There’s an intuitive attraction to the idea that if we could just spend some quality time with someone from another group, we’d both come to appreciate, and maybe even like, the other person and perhaps even their group. Enormously simplified, that’s the basis of contact theory, which Gordon Allport posited in the 1950s as the United States grappled with desegregating its public schools. If differing groups could be brought together cooperatively – not competitively – in a manner endorsed by both groups and where each side met on an equal footing, perhaps we could, as Salma Mousa puts it in this Social Science Bites podcast, “unlock tolerance on both sides and reduce prejudice.” Mousa, currently a postdoctoral research fellow at Stanford University’s Department of Political Science, tells interviewer David Edmonds that since Allport’s heyday, “We have [had] a lot of studies about contact, but we need experimental tests of contact.” She’s been working to address that need, sometimes using the football pitch as a field site, with work that’s caught both the public and the scientific imagination. One experiment she was part of examined the incidence of hate crimes once Mohamed “Mo” Salah, the talented Egyptian soccer star, signed with Liverpool Football Club. The results were heartening; Merseyside, where the club is located, experienced a 16 percent drop in hate crimes while anti-Muslim tweets from Liverpool’s fans dropped to half the number compared to fans of other Premier League clubs. In this interview, Mousa details another experiment involving football and otherness, albeit an experiment made under harsher conditions: “We set out to learn if positive, social contact across social lines can reduce prejudice, can build friendships, can overall improve relationships between groups even in postwar settings, like Iraq.” The experiment was conducted along the faultlines of northern Iraq where there’s a Kurdish enclave. Working with a Christian community organization which was helping Christians and Muslims displaced by ISIS, the researchers recruited Christian amateur soccer players for a football league. They then added three or four players to each team, randomly adding either all Muslims or all Christians as the newcomers, and tracked player attitudes and actions on the field and off for a half year after the season ended. Amid some “really profound friendships” that formed, survey results and observed behavior showed that the Christian players came to be much more accepting and welcoming of their Muslim teammates. But that warming did not make the leap to their attitudes towards Muslims in general, suggesting some underlying prejudices remained in place. While her promising findings nonetheless were not the “home run” people of good will would have liked, the research earned the cover of the journal Science, and left Mousa feeling optimistic about further possibilities of contact theory. Given the difficult context of postwar Iraq and subjects scarred by their flight from ISIS, “to find some evidence that these guys actually became friends and we changed something in these communities, I think is positive, especially given that these communities are persecuted and highly distrustful.” Fostering tolerance and eroding prejudice, especially in the Middle East, matters personally to Mousa, an Egyptian-Canadian who grew up in Saudi Arabia, the United Arab Emirates, Qatar and Canada. She’s focused on helping “fix” the region’s ethnic and religious divides: “I think of myself as an engineer but with a social science background.” Mousa has held fellowships at the U.S. Institute of Peace, Stanford’s Immigration Policy Lab, the Freeman Spogli Institute, the Stanford Center for International Conflict and Negotiation, the McCoy Center for Ethics in Society, and the Stanford Center on Philanthropy and Civil Society. Her work has been supported by the Abdul Latif Jameel Poverty Action Lab, the Innovations for Poverty Action Lab, the King Center on Global Development, the Institute for Research in the Social Sciences, the Program on Governance and Local Development, and the Abbasi Program in Islamic Studies.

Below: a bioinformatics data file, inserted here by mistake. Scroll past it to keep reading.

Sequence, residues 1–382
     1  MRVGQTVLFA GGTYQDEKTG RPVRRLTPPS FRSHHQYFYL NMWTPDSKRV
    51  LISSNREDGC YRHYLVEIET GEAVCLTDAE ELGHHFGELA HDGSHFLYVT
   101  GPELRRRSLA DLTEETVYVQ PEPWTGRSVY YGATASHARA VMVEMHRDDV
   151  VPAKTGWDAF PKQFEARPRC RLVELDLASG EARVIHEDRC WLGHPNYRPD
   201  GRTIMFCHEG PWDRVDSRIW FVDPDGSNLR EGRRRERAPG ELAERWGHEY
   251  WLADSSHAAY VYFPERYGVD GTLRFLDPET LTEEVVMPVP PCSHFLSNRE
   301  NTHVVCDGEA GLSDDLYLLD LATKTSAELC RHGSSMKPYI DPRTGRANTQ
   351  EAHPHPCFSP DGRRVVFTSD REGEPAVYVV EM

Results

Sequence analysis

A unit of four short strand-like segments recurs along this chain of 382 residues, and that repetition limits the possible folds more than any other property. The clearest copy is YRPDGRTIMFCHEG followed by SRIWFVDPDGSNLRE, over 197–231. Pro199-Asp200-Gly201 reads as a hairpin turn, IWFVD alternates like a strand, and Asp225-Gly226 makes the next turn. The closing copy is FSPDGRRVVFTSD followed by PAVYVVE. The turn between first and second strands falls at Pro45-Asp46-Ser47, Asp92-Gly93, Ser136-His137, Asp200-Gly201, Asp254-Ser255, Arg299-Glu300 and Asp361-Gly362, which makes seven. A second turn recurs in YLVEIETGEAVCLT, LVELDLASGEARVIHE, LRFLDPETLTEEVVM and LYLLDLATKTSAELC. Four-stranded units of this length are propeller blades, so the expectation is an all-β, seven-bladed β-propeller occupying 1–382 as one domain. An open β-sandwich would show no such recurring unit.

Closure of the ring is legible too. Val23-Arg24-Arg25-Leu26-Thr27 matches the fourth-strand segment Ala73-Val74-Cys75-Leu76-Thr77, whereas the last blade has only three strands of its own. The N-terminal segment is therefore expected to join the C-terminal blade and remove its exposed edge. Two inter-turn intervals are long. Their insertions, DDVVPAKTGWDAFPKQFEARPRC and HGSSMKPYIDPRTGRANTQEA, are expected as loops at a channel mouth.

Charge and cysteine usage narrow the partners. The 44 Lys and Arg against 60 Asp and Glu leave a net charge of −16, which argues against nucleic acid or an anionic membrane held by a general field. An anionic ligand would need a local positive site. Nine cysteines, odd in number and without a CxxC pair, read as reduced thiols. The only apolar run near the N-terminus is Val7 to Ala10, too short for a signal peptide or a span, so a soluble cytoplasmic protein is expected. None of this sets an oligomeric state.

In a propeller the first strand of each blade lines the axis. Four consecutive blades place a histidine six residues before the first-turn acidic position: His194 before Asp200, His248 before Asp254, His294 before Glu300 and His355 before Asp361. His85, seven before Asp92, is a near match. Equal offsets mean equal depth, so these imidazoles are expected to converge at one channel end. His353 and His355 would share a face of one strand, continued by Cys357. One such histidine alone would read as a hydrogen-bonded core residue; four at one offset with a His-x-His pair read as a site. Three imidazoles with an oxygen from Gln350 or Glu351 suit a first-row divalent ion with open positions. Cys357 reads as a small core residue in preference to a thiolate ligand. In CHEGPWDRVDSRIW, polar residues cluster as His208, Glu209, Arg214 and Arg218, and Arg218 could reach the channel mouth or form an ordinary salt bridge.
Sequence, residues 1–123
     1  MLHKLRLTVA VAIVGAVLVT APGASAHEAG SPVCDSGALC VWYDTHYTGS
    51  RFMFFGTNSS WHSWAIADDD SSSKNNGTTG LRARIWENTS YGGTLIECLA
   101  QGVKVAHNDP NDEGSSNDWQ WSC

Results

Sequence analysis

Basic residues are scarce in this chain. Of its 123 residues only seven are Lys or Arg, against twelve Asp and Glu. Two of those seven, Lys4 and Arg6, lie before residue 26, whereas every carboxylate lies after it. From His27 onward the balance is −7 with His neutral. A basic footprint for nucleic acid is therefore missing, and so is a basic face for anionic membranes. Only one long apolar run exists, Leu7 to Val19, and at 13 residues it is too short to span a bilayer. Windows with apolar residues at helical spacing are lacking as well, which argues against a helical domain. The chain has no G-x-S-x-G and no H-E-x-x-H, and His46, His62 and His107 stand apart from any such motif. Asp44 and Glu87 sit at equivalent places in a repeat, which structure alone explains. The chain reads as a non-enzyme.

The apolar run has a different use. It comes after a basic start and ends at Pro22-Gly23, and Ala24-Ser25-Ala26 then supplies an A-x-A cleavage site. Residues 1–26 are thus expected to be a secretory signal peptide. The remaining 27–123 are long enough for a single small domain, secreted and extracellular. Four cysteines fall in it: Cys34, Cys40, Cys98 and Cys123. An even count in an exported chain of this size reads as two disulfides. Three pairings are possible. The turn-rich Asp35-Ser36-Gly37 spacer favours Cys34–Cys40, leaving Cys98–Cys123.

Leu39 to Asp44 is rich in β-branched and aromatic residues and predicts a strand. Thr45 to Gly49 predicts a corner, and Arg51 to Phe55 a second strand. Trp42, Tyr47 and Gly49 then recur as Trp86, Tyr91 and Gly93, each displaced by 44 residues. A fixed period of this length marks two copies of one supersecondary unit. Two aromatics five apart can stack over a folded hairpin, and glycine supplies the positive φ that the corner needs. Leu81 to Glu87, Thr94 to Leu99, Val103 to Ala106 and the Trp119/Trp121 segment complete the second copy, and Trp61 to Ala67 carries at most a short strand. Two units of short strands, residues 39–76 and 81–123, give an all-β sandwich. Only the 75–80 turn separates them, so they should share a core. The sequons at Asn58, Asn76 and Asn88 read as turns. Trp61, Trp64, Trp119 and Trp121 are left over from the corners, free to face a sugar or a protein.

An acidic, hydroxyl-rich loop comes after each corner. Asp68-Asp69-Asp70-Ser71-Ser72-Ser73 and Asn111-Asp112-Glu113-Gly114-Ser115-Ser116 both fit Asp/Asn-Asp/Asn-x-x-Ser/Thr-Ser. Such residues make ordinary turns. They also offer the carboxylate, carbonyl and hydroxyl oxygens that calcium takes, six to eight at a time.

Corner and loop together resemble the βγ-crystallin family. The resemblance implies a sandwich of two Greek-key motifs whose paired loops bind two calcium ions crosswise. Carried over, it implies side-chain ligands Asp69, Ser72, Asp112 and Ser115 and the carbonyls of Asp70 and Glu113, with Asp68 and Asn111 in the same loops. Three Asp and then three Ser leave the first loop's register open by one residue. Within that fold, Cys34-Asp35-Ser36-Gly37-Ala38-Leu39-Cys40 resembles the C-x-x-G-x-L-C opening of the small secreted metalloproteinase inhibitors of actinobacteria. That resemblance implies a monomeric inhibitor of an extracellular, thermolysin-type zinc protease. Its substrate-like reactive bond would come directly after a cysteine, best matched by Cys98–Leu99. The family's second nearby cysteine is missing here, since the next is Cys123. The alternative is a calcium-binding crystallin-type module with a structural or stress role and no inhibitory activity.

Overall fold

19 min